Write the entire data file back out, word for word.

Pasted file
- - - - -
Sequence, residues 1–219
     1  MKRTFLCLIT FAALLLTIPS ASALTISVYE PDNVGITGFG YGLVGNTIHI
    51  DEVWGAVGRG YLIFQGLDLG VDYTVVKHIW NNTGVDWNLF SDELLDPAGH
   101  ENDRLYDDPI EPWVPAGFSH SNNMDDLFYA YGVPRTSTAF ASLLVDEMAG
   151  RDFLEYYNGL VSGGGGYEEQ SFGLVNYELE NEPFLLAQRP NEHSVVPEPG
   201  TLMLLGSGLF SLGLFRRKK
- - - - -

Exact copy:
Sequence, residues 1–219
     1  MKRTFLCLIT FAALLLTIPS ASALTISVYE PDNVGITGFG YGLVGNTIHI
    51  DEVWGAVGRG YLIFQGLDLG VDYTVVKHIW NNTGVDWNLF SDELLDPAGH
   101  ENDRLYDDPI EPWVPAGFSH SNNMDDLFYA YGVPRTSTAF ASLLVDEMAG
   151  RDFLEYYNGL VSGGGGYEEQ SFGLVNYELE NEPFLLAQRP NEHSVVPEPG
   201  TLMLLGSGLF SLGLFRRKK